HAMMARBERG said that although the representative of
Lebanon had been correct to point out that article 32 of the
Convention did not specify the minimum age for children to enter
employment, it did pointedly refer to the "relevant
provisions of other international instruments", which surely
referred to instruments such as ILO Convention No. 138.
He agreed that in the case of Lebanon, the heritage of 20 years of
war as well as the impact of the recent bombing attacks, which had
killed many children, should not be underestimated and that,
without adequate infrastructure, it would be difficult to
implement the rights of children in Lebanon. However, the
interests of children did not seem to be high on the list of
priorities of the decision-makers in Lebanon. He asked what
specific measures were being taken in favour of children. He
accepted that there were problems in getting reliable statistics,
but wanted to know if children's development was getting a fair
share of the budget. He also wondered if the problem of sharing
responsibility for children between the State and the private
sector had been discussed systematically.
asked if the Higher Council published annual reports, as a
straightforward description of the situation in Lebanon would be
of great help in identifying problems and stimulating the search
31. Mrs. KARP asked if the
elimination of the word "illegitimate" from identity
cards had been the result of action by the Higher Council, and
what the priorities of the Council were. She also asked how the
possible conflict between pluralism and personal status was being
resolved in, say, the Muslim community, and whether infringements
of individual rights were corrected by constitutional courts.
32. Mr. KOLOSOV asked whether religious
leaders were aware of the Convention, and what achievements could
be pointed to as evidence of its usefulness in the five years
since its entry into force. He asked if any particular articles
had proved useful in improving the lives of children or whether,
on the contrary, societal attitudes had hindered implementation of
33. Mr. KHALIL (Lebanon)
said that Lebanon had not ratified ILO Convention No. 138,
although it had ratified other ILO conventions on, for example,
dangerous maritime work.
34. Despite financial
pressures, the Lebanese budget did benefit children, for example,
through the building of welfare and medical centres and 100 new
35. There was no conflict in the
distribution of tasks between the public and private sectors.
Lebanon had a long history of successful private initiatives,
which included the provision of assistance to the victims of
Israeli aggression. The Higher Council also worked with both the
public and private sectors, for example, in helping the 50,000
people displaced as a result of the recent Israeli attacks.
He said that the Higher Council did produce an annual report and
he undertook to send the two available reports to the Committee
immediately upon returning to Beirut. The overriding priority of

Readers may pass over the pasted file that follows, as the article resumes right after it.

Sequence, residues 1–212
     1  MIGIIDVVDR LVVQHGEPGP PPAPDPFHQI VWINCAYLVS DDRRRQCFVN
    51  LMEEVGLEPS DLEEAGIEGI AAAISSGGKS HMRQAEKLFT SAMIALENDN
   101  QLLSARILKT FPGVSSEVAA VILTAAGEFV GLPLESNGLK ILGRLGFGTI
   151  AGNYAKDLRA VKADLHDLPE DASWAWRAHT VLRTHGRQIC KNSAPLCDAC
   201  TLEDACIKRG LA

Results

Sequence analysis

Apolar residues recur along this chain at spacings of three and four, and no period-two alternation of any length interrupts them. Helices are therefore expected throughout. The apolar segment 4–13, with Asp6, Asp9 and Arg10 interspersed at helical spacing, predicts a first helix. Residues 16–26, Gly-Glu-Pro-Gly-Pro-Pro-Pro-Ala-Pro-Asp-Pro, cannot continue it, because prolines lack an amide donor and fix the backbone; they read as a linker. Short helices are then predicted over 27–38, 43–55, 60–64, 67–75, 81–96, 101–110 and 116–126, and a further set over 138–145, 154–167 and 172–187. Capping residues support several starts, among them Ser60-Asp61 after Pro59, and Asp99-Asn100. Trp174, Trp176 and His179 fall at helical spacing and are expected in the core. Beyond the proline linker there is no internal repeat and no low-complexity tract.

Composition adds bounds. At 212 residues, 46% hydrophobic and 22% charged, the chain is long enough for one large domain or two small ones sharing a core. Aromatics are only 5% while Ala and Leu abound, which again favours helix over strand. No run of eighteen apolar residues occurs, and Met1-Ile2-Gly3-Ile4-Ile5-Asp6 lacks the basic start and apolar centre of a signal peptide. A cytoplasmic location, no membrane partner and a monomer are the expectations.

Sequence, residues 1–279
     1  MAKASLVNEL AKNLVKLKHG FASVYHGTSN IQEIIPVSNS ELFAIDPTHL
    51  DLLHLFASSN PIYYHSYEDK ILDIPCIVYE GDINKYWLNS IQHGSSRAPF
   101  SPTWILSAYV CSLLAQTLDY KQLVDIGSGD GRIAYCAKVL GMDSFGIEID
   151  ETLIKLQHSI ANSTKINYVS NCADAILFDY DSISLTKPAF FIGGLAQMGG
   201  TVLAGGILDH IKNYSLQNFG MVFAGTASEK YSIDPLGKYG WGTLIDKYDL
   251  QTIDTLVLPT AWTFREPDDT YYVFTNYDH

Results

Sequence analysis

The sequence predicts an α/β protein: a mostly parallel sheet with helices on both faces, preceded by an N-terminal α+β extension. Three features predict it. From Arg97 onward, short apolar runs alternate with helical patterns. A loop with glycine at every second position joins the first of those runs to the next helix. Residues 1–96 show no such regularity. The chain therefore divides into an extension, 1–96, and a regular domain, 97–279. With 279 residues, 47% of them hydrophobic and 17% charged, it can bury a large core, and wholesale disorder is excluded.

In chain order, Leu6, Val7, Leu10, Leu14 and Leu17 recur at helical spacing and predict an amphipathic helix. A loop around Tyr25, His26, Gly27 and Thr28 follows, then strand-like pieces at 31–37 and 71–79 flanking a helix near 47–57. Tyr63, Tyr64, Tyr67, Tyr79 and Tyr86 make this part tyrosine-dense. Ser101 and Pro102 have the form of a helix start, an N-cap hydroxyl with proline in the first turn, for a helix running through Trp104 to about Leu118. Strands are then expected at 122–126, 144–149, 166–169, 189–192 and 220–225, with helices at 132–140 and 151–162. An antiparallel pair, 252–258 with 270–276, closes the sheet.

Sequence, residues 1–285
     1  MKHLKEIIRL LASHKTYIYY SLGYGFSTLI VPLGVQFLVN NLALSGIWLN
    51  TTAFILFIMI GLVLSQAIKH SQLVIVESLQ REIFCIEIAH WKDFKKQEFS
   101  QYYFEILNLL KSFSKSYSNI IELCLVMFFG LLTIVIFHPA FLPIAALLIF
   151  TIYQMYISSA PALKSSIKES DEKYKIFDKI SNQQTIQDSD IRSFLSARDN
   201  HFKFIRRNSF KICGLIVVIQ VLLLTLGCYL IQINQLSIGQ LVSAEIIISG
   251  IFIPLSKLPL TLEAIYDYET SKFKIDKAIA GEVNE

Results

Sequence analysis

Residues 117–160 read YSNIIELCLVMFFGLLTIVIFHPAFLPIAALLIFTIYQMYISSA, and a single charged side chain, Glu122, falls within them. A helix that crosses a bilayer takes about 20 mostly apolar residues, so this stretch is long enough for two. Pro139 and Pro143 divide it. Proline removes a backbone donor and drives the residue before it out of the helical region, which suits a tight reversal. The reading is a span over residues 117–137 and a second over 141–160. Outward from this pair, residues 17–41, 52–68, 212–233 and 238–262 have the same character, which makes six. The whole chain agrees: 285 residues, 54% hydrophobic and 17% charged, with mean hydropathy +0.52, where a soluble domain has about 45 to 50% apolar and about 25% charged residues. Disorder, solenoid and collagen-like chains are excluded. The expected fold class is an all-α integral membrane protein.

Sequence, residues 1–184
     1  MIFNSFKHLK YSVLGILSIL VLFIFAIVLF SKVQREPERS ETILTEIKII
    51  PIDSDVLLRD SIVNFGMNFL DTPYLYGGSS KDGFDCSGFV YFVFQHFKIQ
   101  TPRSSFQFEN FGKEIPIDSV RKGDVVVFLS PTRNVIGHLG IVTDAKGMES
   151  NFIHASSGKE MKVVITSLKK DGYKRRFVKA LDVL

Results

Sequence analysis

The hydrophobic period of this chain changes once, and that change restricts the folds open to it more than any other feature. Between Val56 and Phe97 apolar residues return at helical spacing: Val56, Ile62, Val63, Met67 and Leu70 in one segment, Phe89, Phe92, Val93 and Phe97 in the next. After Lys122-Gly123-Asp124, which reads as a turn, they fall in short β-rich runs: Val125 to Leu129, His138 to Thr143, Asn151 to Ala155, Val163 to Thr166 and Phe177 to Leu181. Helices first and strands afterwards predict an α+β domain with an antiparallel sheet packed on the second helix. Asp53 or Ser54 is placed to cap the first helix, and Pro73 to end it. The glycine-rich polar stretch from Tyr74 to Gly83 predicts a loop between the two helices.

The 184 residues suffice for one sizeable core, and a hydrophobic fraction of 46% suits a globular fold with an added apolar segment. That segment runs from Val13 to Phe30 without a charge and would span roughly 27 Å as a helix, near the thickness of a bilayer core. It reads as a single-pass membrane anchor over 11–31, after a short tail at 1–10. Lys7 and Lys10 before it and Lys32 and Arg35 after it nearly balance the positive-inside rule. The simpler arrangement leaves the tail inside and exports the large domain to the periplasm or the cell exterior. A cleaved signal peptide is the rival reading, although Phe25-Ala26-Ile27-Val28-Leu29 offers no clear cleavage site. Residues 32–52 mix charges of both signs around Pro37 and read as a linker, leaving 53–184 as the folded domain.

the Council was to protect children from the dangers of
delinquency. Vagrant street children were a major problem, which
was being addressed by various civil associations, as well as by
the Ministry of Social Affairs and the Council. Other priorities
included the prohibition and limitation of child labour and the
building of more crèches.
37. Lebanon did
not have a constitutional court. It did, however, have a
Constitutional Council, made up of senior magistrates.
All religious leaders and schools had been given copies of the
Convention. There was no conflict between religious freedoms and
the operation of the civil courts.
instances of the implementation of the Convention were described
in the annual reports of the Higher Council, including the
organization of round tables on ecological education and on the
family. In order to deal with the problem of child labour, the
number of inspectors had been greatly increased. The Council was
also working on the problem of the economic exploitation of
children. On the question of ensuring that standards were
established by competent authorities the Supreme Council had been
set up by the Lebanese Government for that very purpose.
Lebanon was not able to provide sufficient resources for
education, health and employment, but it was trying to allocate a
fair proportion of the available budget to social needs. Money had
also to be found to extend the roads and infrastructure to remote
areas; land would be expropriated, and foreign organizations
allowed to build roads and recover their investment by tolls. Any
technical assistance from organizations such as UNICEF would be
welcome; unfortunately, as Lebanon was no longer considered a case
of emergency now that the war had ended, UNICEF's budget
appropriation for the country had been cut. The World Food
Programme (WFP) had done much to help orphans and children in
difficult situations but that help was due to end in 1996, at a
time when it was still much needed. The United Nations Development
Fund for Women (UNIFEM) and the United Nations Development
Programme (UNDP) also had projects in progress, to assist children
in a family environment and avoid putting them in institutions.
Referring to questions 9 and 10 of the list of issues concerning
the definition of the child, he said that, under Lebanese law, the
age of reason was 13 years, the age of sexual majority was 20, the
minimum age for civil rights was 18 and for political rights.
The minimum legal ages for marriage and inheritance varied
according to the customs of each community. There was no minimum
legal age for owning property. A judge could grant civil rights to
a person under 18 years of age, for example to allow a child of 16
to manage a parent's business. Those ages were the same for boys
43.A child under the age of seven
could not be held criminally responsible. Between the ages of 7